Sometimes I feel sorry for young people who are growing up deprived of the experience of going to an outdoor theater.
That was one of the joys of my younger years — going to the “Cloud.” That was the name of the outdoor theater just west of St. Cloud, in Waite Park. Ironically enough, there is now a sprawling complex of indoor theaters (Parkwood Cinema) on the land where the Cloud once was. Later, in my mid-teenage years, another outdoor theater (the 10-Hi) opened on Hwy. 10 in east St. Cloud near the prison.
The first outdoor theater opened in Camden, N.J. in 1933. At one time, there were 4,000 in the nation. Now there are only 364 of them, according to “USA Today.”
My parents were not fans of the outdoor theater. Not at all. They almost never went to a movie, not even in the downtown theaters. So when I was very young, I depended upon the neighbors for trips to the outdoor theater.
When my neighbor buddies Ricky, Gary or Ronnie Fahnhorst would pop over to my house and mention the word “Cloud,” I would become instantly happy — on Cloud Nine, in fact.
“Dad said he’d take us all to the Cloud tonight,” one of them would say.
“Are you kidding?” I’d ask, always afraid they might be pulling my leg. “Really?!”
“No, I’m not kidding. Dad said we’d go for sure. Dalmans too.”
All day long I would be ants-in-my-pants eager for that hour just before dusk would arrive. My two brothers and I would rush down the alley to the Fahnhorst house. We boys would pile into John’s big old baby-blue Cadillac and off we’d go.
John looked just like the movie star, Clark Gable, and we kids often thought how neat it would be if the star-struck ticket-taker thought he really was Gable, and she’d let him in free. Us too. The star’s kids.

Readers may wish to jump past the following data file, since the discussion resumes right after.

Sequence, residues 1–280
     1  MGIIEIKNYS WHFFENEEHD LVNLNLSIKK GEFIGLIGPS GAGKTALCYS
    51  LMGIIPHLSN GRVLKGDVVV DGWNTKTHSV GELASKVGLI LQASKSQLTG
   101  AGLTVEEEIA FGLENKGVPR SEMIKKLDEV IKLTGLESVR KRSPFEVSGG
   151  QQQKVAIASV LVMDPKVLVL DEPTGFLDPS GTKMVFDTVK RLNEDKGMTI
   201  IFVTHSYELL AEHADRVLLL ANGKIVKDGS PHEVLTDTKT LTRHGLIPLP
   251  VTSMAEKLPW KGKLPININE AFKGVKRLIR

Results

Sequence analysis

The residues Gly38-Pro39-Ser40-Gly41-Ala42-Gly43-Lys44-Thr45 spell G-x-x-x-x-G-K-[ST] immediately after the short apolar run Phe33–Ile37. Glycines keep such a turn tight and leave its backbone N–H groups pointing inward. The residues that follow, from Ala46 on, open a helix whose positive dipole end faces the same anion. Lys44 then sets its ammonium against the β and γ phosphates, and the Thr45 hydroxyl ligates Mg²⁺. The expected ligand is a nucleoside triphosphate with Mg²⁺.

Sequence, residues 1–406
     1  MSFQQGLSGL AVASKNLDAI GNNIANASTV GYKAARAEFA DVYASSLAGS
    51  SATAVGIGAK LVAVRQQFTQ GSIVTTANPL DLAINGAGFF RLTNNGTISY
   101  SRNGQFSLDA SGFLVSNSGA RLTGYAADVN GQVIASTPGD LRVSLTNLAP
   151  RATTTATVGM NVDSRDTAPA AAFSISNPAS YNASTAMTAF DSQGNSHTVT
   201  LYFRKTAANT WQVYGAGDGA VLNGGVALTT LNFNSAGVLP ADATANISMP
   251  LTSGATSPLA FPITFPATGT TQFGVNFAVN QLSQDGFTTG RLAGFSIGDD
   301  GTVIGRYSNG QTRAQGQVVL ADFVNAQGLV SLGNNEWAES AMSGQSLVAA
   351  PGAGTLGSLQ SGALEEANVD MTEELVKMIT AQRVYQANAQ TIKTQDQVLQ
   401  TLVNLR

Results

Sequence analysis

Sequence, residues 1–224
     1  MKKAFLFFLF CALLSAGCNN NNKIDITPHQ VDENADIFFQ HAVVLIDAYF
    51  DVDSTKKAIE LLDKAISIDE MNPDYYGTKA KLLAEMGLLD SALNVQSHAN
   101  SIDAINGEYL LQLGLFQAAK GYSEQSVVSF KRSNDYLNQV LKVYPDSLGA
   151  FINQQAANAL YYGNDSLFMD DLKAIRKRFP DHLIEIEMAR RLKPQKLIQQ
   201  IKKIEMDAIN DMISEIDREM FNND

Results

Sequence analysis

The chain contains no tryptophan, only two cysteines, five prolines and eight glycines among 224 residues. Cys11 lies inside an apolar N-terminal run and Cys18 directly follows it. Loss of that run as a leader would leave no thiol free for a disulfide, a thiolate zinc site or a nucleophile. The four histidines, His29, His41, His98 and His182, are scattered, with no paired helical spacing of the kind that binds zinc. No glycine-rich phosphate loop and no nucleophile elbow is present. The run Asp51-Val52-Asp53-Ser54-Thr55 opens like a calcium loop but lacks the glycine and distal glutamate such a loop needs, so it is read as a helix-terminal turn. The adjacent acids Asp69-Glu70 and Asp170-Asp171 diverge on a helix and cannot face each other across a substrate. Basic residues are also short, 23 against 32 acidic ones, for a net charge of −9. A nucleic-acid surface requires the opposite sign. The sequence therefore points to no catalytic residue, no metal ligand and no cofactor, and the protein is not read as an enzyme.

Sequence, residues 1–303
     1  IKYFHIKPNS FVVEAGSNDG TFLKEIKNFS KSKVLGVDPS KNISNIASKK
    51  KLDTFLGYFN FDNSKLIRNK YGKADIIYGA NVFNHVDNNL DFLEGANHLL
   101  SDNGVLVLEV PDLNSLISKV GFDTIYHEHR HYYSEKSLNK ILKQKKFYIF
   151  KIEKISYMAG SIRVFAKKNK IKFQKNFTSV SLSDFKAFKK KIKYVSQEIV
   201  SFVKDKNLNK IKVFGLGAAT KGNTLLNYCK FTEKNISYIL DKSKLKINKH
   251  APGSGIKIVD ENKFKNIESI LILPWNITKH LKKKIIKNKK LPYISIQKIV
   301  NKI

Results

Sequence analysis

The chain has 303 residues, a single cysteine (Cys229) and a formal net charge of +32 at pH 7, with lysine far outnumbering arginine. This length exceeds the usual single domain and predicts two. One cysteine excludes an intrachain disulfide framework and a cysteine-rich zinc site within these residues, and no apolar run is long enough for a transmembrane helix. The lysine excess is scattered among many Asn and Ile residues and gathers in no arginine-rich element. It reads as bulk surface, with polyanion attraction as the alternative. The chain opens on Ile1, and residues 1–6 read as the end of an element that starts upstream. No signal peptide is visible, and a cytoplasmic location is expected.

Usually, at the Cloud, we’d see cheesy horror movies, like “Rodan,” in which a giant flying pterodactyl threatened Tokyo; or “The Monster from the Black Lagoon,” about a slimy swamp creature that caused women to scream like crazy. We’d also see westerns in which the cavalry always came to the rescue to fight off those savage Indians; or sword-fighting epics — often starring Charlton Heston or Kirk Douglas — filled with clanking armor, gore and commotion.
I’m still trying to figure out why I loved the outdoor theater so much. Those speakers were so tinny-sounding, mosquitoes were usually buzzing and whining and biting, the front window would fog up and it was sometimes ungodly hot. A few times John drove off with the speaker still in the window. Whoops!
Later on, when I was a hooligan teen, it was even more fun to go to the outdoor theaters. Ronnie Fahnhorst, three years older than me, usually did the driving. The rest of us, sometimes as many as four, would cram into the trunk like sardines, along with a case full of beer, and sometimes one or two of us would be hiding under blankets in the back seat. That was a big part of the thrill of going to the Cloud or 10-Hi — the cheap thrill of “sneaking in,” as we called it. I can’t recall any of us getting caught. Once parked, it was fun to wander over to the concession stand to meet school chums and smoke cigarettes we’d filched from parents. We were such cool dudes, we thought, when in fact we were nothing more than delinquent, smart-mouth know-it-alls. Still, it was a lot of fun being so young, so carefree, so ill-behaved, so ignorant.
Kids today don’t know what they’re missing — that kind of outdoor-theater fun. I suppose nowadays kids have other places in which to be young, happy and ignorant. But where? Malls? Video-game galleries? Downtown streets? Borrrring.